How to Cut a Terra Cotta Pipe

Terra cotta pipe, or clayware, was once extremely popular for all underground plumbing -- even the Romans used it, and it's still holding up -- but it has gradually been replaced by plasticware.

Terra cotta pipes are used for in-ground applications only.Terra cotta pipes are used for in-ground applications only.
It is one of the oldest pipe materials and has experienced a surge in popularity due to manufacturers marketing it as more economical and eco-friendly than plasticware. To obtain a square cut, use a soil pipe-cutting tool to cut terra cotta pipe.

Wrap a sheet of newspaper around the pipe and align the overlapping edges. Make a mark in chalk along the edge of the newspaper. Remove the paper and use the chalk line to guide your cut.

Lay the pipe in front of you on the ground. Place the cutter on the ground with the pressure screw facing up and the chain fully extended.

Open the chain jaws by turning the pressure screw counterclockwise until it stops.

Wrap the chain around the terra cotta pipe, matching it up with the chalk line you marked, and attach the closest link to the upper jaw. The chain will wrap around the pipe from underneath. Make sure the excess chain comes "out of the top of the hooks and into the clear," as Reed Pipe Tools recommends.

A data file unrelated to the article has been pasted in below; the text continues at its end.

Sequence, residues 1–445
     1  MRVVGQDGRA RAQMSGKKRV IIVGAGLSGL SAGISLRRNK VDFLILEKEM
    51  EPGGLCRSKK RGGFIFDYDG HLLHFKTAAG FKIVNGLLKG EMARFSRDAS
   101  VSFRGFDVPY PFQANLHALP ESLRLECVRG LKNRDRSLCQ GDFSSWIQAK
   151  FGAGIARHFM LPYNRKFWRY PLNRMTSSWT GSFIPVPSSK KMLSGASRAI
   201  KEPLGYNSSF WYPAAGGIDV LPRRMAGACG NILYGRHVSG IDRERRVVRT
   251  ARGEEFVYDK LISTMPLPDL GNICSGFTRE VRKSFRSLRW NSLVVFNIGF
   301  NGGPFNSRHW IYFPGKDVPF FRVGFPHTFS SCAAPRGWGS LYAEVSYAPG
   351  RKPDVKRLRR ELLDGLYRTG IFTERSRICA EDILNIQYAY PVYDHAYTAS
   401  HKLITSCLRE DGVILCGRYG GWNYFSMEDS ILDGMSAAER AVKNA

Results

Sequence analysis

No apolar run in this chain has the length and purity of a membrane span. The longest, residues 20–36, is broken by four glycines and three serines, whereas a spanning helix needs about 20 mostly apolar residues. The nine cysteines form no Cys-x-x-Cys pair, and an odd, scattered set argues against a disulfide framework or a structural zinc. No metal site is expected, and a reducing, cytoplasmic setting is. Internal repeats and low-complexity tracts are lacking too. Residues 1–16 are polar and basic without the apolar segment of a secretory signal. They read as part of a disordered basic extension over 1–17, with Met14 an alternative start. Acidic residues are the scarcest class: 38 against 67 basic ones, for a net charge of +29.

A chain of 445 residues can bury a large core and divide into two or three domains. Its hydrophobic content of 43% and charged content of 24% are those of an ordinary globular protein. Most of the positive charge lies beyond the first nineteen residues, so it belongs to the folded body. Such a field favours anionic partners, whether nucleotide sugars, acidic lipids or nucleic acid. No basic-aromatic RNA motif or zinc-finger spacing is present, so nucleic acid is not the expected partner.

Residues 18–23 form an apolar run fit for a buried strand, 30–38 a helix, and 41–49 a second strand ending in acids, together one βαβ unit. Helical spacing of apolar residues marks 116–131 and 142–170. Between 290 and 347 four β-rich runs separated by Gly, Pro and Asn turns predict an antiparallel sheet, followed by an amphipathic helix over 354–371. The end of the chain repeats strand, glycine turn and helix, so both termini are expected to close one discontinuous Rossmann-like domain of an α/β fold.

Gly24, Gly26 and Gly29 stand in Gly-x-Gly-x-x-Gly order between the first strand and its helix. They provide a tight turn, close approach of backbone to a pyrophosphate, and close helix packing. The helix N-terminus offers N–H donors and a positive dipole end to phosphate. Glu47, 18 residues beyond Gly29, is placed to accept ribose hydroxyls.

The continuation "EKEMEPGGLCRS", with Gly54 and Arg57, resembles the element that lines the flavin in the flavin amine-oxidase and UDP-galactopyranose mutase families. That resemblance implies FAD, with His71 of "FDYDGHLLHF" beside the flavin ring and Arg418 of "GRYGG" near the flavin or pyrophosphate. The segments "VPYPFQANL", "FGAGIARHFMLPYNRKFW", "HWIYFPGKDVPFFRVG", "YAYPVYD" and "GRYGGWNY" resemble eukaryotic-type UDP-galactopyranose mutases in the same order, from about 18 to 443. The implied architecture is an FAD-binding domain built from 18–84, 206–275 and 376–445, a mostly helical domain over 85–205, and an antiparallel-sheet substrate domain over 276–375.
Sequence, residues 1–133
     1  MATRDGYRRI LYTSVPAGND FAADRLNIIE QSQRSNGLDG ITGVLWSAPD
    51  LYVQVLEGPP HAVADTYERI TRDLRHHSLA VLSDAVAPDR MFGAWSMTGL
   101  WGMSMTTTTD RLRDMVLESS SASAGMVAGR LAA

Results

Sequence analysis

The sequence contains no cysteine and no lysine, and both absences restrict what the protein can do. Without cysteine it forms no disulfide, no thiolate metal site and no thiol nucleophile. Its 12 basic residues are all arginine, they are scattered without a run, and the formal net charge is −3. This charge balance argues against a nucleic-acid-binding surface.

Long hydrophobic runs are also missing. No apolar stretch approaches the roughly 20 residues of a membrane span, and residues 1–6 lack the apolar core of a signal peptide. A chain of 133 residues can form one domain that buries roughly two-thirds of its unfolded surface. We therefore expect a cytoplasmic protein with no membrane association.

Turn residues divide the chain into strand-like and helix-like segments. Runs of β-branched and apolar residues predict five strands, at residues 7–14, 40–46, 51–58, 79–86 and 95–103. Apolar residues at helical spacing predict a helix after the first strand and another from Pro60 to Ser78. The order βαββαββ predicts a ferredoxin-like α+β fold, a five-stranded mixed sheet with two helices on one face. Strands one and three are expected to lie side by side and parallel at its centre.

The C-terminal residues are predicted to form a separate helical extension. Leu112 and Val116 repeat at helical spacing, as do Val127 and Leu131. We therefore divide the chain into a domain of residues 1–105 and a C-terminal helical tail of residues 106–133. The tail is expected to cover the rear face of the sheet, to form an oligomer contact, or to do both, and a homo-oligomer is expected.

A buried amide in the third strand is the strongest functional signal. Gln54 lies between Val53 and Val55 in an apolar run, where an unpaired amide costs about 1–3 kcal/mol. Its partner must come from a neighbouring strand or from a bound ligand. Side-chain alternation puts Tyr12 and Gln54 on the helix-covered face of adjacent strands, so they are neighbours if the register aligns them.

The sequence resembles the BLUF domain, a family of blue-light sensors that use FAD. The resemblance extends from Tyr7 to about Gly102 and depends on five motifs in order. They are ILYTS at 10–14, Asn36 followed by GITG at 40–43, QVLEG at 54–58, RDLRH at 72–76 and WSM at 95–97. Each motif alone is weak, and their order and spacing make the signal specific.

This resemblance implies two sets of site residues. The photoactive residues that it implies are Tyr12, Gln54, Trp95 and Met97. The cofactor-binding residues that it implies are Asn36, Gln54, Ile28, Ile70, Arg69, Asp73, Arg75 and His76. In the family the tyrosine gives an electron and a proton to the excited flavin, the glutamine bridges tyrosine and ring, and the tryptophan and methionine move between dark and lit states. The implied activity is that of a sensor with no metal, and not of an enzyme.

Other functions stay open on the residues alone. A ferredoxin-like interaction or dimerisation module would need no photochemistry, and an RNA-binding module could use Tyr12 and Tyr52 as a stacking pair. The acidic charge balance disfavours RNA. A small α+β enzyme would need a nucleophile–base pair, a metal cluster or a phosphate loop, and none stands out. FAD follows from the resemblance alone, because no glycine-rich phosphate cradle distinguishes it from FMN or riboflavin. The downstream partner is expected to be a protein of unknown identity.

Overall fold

Turn the pressure screw clockwise to close the jaws tightly around the pipe. This will mark the pipe along your chalk line.

Increase pressure. Different models have different pressure mechanisms. If your model has a ratchet mechanism, increase pressure with the ratchet until the pipe breaks. If your model has two arms, tighten the pressure screw until you have marked the pipe around the circumference, then step down on the handle to make the cut.

Things You Will Need

  • Work gloves
  • Newspaper
  • Chalk
  • Soil pipe-cutting tool

Warning

  • Pipe-cutting tools make very clean, very sharp cuts. Wear gloves and don't cut yourself.

About the Author

Based in Fort Collins, Colo., Dannah Swift has been writing since 2009. She writes about green living, careers and the home garden. Her writing has appeared on various websites. She holds a Master of Arts in English literature from the University of New Hampshire and is currently pursuing a certificate in paralegal studies.